Why are the IMF, WTO and the EU classed as neoliberal institutions? What are the pros and cons of the economic order they have helped to usher in? Are human rights a matter of domestic or international politics? What are the impediments for a better functioning of the UN Security Council and the Peace Operations?
9. Military Treaties: NATO
Security policies of the main military powers and their allies. Historical account of the North-Atlantic Treaty emerging from the earlier animosity between US and USSR. Comparison to the Warsaw Pact. What will happen to international stability as US leadership declines or turns away from these responsibilities.
10. New wars: Intervention vs non-intervention in the Syrian Civil War
A geographical area home to the most intractable agglomeration of conflicts: the Middle East. The origins and dynamics of the Syrian civil war: ‘The Arab Spring’. Main actors and interventions made in Syria: the use of force by the United States and Russia. Arguments in favor and against foreign intervention in Syria?
This programme may be subject to change.
There is no compulsory reading required for this course and there is no set course text.
Please ask the tutor if you would like suggestions for reading.
Pedro Teres has an academic and professional background in Mathematical Sciences, although he has been engaged with Social Politics and International Relations for the past ten years. This combination has provided him with a deep understanding on the social impact of scientific discovery and the logic challenges of socio-political discourse. He teaches Political Science and related subjects at Imperial and other universities in London and has conducted extensive fieldwork in armed conflicts, namely in former Soviet countries and the Middle East. He has participated in several initiatives with the European Parliament and the UNHRC among other intergovernmental institutions and works closely with civil society movements as a passionate political activist.
Course Delivery Method: Live Online (Zoom)
All our online courses are taught live which means you will be taught alongside other students on the course by a tutor at a specific time. To take part in the course you must be able to attend the online session at the time stated for the course description.
All times stated are British Standard Time.
To take part you will need a computer, or laptop, or tablet computer, connected to the Internet. The device you use will also need to have a camera, microphone and speakers. Most devices now have these built in, but if not you might have to buy them from a computer shop and to connect them to your device.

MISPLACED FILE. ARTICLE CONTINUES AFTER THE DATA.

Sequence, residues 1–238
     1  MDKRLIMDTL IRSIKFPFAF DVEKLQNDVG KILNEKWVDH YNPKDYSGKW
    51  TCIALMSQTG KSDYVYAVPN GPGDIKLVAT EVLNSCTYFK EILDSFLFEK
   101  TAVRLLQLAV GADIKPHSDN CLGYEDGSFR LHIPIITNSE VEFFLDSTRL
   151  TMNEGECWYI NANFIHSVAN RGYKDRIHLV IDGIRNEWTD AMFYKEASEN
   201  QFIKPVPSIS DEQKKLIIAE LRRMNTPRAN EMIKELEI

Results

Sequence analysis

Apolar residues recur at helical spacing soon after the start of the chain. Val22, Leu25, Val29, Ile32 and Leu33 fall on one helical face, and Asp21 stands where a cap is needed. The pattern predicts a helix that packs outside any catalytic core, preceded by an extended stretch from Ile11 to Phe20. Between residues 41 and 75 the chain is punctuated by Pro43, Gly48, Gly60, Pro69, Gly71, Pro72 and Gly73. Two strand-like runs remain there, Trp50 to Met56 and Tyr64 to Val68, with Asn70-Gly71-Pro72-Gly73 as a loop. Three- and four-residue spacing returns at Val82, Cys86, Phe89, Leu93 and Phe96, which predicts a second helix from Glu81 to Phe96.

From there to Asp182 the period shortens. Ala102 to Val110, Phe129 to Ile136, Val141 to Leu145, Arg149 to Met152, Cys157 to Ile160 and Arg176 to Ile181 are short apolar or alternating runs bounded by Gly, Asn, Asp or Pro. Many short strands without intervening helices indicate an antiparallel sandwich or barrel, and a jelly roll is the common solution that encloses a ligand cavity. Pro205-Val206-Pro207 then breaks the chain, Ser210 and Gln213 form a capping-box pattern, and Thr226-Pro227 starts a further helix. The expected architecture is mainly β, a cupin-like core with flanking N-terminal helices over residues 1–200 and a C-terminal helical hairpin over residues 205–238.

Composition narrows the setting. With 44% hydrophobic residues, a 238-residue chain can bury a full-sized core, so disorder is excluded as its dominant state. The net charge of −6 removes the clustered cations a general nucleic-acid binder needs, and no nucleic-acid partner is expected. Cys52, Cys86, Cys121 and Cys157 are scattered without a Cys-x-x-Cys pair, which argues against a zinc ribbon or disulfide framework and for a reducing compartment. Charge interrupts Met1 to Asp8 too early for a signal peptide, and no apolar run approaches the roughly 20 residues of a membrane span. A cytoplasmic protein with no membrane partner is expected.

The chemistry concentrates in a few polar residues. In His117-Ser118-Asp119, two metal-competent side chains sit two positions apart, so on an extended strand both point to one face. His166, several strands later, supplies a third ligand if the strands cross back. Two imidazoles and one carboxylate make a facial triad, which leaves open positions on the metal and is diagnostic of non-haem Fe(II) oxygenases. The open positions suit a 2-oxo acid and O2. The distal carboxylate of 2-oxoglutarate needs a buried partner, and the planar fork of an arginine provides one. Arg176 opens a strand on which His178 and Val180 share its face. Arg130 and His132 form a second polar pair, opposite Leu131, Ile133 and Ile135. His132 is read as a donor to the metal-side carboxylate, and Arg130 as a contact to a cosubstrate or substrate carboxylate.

This course will use Zoom as its online delivery method. Zoom is very easy to use and you do not need to set up a Zoom account to use it. Near the date of your first online session you will be sent an email with a web address (or URL) that will allow you to access the course. This is called the Course Link. All you need do is click on the Course Link in the email and you will be asked to enter your name. This is the name that will be seen by your tutor and other students in the class.
Once you have entered your name you might be asked to enter a password to enter the class. The password will be included in the email sent to you. Once you enter the password you will either be taken directly into the class, or asked to wait in a virtual waiting room until the tutor is ready to let you into the class.
We have also produced a Handy Guide to Zoom [pdf] which gives you basic information on how to use it.
Course Fees and Rate Categories
|Hours||Weeks||Standard Rate||Internal Rate||Associate Rate|
|20||10|| £210 (≡£10.50 per hour)
||£125 (≡£6.25 per hour)||£165 (≡£8.25 per hour)|
|All fee rates quoted and due are for the whole course. Part-payments are not possible. Equivalent to hourly rate is for comparison guidance only. There is no early-bird discount for January intake courses.|
Rate Categories and Discounts
- Applicable to all except those who fall under the Internal Rate or Associate Rate category, respectively.
- Current Imperial College students and staff (incl. Imperial NHS Trust, Imperial Innovations, ancillary & service staff employed on long-term contracts at Imperial College by third-party contractors)